By Sally Duros
Chicago Sun-Times Real Estate Editor
Aug. 30, 2006 â€” Appraisers say that pointing fingers isn’t necessarily useful in a
transaction as complicated as a real estate purchase.
“What we are trying to do is measure human nature,” said John
Bredemeyer, a senior residential appraiser based in Omaha, Neb.,
who is a spokesman for the Appraisal Institute, and president of
Real Corp. Inc., a full-service appraisal company in Omaha. “An
appraisal is trying to measure what really affects value in the
eyes of the buyer.”
To get a picture of what that value is, the appraiser looks at
factors that he or she believes will affect the value of the
“We assign a dollar figure to those factors,” Bredemeyer said. The
appraiser then assesses the property’s assets against the standards
of the neighborhood by comparing it against at least two
It’s important to understand the difference between a home
appraisal and a home inspection. A home inspection is conducted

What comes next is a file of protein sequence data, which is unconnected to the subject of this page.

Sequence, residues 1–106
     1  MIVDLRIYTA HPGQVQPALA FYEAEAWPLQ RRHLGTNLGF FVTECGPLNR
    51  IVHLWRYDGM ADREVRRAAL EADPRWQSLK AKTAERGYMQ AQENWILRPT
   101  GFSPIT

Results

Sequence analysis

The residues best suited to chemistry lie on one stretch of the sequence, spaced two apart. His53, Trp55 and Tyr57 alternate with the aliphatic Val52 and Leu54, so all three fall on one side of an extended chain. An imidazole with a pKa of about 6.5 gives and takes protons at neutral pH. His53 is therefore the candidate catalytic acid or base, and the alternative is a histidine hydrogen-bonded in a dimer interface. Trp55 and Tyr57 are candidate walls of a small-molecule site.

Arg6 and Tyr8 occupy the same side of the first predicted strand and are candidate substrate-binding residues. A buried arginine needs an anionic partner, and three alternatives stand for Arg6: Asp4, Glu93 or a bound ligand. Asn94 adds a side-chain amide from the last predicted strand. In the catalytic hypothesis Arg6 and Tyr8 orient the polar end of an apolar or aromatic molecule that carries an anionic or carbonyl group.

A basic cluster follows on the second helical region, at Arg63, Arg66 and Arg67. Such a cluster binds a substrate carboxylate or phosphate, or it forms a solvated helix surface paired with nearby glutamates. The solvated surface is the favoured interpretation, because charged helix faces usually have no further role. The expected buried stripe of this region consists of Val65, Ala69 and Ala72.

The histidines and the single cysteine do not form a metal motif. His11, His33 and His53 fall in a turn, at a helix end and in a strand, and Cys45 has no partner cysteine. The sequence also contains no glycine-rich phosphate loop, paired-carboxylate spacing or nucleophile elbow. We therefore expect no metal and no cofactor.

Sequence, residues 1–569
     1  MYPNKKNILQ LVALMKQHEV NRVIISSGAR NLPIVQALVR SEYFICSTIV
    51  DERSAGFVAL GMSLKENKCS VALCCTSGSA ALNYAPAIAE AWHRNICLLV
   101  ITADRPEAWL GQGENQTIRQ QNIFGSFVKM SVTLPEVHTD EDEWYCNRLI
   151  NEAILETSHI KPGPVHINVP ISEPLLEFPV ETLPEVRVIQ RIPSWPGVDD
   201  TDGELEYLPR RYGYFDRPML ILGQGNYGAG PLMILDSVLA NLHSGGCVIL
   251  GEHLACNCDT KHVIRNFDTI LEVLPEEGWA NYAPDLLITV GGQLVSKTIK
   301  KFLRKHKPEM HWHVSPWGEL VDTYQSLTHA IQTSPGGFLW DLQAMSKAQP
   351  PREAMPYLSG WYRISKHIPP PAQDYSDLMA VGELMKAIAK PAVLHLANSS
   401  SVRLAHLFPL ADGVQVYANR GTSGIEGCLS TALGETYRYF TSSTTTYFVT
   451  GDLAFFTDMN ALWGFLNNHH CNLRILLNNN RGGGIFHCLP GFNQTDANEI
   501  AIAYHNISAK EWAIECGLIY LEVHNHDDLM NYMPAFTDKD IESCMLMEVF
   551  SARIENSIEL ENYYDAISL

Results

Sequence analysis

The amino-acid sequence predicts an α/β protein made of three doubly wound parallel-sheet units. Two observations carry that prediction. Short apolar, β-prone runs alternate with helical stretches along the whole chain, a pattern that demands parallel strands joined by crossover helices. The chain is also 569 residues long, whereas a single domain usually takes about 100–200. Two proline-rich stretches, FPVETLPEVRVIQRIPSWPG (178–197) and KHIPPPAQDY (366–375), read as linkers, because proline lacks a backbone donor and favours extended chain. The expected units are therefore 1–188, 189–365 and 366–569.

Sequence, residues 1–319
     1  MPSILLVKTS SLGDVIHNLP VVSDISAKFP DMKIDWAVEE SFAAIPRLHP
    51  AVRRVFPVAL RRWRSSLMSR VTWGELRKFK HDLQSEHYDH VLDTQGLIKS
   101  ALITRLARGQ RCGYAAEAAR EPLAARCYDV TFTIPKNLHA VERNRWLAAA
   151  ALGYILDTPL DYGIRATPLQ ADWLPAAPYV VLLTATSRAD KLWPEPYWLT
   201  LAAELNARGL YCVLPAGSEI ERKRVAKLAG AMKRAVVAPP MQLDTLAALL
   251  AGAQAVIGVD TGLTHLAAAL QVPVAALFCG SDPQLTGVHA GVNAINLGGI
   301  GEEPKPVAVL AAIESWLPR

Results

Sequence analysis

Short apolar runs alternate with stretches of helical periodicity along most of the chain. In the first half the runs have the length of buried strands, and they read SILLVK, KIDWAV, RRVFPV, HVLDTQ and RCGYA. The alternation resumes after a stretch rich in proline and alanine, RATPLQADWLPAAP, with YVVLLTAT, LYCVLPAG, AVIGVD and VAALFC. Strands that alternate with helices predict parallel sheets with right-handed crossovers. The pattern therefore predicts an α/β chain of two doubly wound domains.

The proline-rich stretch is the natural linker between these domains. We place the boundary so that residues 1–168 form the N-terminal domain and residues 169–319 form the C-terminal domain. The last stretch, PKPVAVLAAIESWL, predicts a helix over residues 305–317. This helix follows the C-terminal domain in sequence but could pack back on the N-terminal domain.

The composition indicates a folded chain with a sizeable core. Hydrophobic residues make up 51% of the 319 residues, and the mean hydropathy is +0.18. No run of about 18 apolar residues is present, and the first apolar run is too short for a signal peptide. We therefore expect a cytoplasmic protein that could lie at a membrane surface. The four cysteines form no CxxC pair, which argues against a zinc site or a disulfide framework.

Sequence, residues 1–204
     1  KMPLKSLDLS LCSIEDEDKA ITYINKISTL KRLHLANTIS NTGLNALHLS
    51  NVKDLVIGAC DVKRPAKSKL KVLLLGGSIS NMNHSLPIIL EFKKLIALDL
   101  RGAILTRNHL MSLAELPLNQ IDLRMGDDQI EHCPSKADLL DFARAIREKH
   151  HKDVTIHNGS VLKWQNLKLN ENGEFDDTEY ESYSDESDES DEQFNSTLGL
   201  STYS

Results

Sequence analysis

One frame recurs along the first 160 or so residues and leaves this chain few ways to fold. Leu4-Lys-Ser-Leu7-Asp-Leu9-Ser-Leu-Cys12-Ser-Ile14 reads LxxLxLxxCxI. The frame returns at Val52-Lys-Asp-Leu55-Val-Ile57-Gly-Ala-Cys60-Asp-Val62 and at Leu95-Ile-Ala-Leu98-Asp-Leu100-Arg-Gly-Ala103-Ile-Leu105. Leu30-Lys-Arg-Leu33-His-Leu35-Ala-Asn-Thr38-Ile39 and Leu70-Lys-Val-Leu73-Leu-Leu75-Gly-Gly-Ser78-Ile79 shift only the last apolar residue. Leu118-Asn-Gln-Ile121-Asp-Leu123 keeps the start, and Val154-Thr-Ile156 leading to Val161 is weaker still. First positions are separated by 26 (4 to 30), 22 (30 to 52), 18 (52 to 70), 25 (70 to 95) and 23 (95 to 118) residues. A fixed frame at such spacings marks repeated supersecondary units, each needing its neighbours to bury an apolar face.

onsite on the behalf of the buyer and sometimes the seller to
identify any problems with the physical property.
Appraisers are not required to visit the property, and some of them
“We describe it as scope of work,” Bredemeyer said. “The ideal is
to do a thorough inspection of the property.” But in some cases the
appraiser might simply drive by the property, or use a source that
he or she believes to be reliable.
“If you don’t go to the property, the reliability of your opinion
could be called into question,” Bredemeyer said.
Whatever the case, the appraiser has to fully disclose to the
client — whether buyer, lender or seller — what was done or not
From the seller’s perspective, the American Homeowners Foundation
recommends that if you are preparing to sell your house, condo or
town house, consider only the most recent comparable home sales in
Sales older than three or four months are based on market prices
from several months earlier, and they might have been substantially
higher than today’s market prices.
“We are in a dynamic market,” said Bredemeye.
“Real estate is driven by supply and demand,” Bredemeyer said, “and
it’s a buyer’s market right now.”
– Quality of construction
– Bedroom and bath size
– Number of bedrooms, baths
– Basement or not
– Number of garages
– Number of fireplaces
– What kind of fence
– Heating system
– Air conditioning
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